Finely tuned signal transduction cascades control all aspects of cell renewal and cell death in normal, healthy cells. Altered gene products introduce the possibility of imbalance within the tightly controlled signaling networks that regulate cell growth and proliferation. This is evident in the malignant form of the src tyrosine kinase, the viral oncogene v-src. For this protein it has been shown (both biochemically and structurally) that a single amino acid mutation disrupts the intramolecular interactions responsible for inactivating the enzyme, thus rendering the protein constitutively active(1). Aberrant signaling due to excess phosphorylation ensues, leading to dire consequences for the cell and, ultimately, for the organism. While the molecular details of the regulation of some families of kinases (i.e. Src) have now been clarified, it is not understood how the substrate binding and catalytic activity of other families of protein tyrosine kinases are controlled. We are particularly interested in a family of intracellular signaling molecules that is exclusively expressed in hematopoeitic cells, and we have focused our attention on the IL2-inducible tyrosine kinase (Itk), a member of the Tec family of tyrosine kinases that is restricted to the T-cell lineage.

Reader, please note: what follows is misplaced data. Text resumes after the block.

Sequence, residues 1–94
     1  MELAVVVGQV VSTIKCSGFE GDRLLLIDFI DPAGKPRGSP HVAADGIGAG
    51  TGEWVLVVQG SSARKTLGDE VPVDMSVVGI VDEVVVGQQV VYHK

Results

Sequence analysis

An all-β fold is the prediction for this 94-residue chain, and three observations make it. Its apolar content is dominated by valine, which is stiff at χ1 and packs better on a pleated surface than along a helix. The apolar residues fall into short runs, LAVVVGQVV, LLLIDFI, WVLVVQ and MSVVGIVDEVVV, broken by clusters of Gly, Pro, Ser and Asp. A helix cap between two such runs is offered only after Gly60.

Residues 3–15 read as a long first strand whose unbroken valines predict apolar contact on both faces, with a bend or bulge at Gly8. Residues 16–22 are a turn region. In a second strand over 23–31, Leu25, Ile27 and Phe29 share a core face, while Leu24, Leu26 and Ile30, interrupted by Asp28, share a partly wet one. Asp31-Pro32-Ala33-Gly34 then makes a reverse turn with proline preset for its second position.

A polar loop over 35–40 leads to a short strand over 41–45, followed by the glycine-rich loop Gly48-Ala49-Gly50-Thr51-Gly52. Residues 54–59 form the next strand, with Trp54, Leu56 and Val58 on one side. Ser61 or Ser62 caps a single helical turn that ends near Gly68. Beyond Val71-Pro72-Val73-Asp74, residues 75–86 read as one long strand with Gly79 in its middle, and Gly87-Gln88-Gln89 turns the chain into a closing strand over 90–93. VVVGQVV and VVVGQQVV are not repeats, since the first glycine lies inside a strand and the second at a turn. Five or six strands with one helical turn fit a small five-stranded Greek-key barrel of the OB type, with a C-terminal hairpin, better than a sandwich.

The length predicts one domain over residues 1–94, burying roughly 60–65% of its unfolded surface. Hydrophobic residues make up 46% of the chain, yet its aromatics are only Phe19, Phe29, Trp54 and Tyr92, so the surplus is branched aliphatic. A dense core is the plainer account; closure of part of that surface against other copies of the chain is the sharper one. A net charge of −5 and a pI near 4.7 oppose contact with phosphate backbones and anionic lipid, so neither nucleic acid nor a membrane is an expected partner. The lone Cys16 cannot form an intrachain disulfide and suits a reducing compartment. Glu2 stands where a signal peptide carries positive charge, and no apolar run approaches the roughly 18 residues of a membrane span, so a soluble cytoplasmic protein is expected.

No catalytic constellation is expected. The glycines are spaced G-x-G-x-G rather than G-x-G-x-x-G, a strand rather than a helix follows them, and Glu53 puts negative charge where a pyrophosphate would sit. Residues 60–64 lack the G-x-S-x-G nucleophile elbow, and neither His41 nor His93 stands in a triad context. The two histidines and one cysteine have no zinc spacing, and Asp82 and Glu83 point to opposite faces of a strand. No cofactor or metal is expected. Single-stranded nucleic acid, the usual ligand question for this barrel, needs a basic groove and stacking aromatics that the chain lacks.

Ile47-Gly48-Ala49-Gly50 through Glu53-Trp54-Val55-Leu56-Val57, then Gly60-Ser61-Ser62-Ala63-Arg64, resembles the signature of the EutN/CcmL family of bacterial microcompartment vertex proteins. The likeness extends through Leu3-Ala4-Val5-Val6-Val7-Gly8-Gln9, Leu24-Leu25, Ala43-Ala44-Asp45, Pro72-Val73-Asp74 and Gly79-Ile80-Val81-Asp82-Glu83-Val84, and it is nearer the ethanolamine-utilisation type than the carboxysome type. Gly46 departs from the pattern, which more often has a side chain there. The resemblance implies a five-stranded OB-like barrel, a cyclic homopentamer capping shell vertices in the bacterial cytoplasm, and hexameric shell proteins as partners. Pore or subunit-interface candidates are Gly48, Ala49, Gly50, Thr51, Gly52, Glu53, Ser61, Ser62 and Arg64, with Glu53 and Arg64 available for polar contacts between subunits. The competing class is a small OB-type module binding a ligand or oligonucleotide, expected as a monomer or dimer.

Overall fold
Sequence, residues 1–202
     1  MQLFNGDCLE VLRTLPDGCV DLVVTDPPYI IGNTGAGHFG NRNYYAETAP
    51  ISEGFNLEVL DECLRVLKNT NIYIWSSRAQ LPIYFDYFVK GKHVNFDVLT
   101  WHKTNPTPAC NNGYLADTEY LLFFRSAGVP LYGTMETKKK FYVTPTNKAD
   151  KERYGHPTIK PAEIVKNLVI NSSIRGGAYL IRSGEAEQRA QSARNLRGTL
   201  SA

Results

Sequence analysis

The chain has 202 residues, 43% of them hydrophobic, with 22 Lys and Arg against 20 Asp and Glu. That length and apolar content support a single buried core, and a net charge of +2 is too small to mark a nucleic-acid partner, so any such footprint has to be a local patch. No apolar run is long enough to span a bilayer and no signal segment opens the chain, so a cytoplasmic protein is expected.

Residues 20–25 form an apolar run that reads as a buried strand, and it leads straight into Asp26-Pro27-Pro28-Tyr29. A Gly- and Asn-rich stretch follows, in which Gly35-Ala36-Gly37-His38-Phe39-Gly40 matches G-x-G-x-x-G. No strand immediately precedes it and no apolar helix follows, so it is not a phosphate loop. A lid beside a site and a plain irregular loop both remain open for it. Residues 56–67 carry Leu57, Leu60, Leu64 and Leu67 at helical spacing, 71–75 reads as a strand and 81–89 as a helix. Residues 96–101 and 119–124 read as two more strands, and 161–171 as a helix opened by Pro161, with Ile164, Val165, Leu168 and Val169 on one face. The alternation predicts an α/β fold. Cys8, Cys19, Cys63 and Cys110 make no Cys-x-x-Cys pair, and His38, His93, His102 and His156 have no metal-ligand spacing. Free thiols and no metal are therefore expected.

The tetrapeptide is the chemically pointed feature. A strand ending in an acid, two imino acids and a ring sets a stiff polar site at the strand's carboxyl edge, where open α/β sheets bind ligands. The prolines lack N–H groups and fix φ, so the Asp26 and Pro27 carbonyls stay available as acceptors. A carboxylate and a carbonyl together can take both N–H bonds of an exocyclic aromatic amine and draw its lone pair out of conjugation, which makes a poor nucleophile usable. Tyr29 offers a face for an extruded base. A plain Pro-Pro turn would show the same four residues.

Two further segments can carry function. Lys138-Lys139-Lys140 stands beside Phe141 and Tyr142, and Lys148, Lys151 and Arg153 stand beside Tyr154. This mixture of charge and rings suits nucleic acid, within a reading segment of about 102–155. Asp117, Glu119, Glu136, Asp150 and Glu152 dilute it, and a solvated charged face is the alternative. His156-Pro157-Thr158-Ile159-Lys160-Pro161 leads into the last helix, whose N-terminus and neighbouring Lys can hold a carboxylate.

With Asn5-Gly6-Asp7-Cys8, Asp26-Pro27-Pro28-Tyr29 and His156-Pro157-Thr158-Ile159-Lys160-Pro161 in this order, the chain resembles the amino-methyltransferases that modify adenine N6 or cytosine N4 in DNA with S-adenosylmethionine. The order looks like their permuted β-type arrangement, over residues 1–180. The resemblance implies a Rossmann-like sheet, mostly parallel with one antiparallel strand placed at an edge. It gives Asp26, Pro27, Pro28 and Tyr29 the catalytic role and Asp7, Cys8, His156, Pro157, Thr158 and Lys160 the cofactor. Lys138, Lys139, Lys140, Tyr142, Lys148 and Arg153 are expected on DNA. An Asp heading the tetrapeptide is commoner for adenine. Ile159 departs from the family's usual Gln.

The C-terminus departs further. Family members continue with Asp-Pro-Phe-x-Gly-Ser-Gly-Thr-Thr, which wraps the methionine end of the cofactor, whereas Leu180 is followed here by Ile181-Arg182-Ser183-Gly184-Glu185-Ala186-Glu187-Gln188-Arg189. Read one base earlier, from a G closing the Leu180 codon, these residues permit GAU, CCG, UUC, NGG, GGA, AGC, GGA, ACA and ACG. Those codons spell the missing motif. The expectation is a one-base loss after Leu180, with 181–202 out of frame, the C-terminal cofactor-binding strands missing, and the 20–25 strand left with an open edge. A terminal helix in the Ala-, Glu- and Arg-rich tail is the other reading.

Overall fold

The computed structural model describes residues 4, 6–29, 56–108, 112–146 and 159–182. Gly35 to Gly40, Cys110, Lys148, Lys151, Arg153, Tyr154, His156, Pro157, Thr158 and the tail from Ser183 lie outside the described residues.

Roy J. Carver Endowed Chair and University Professor of Biochemistry, Biophysics and Molecular Biology
Area of Expertise:
Nuclear magnetic resonance; Macromolecular structure and recognition
A.B., Chemistry and Studio Art, Bowdoin College, 1989
Ph.D., Chemistry, Princeton University, 1994
Postdoctoral Fellow, Harvard University, 1994-1997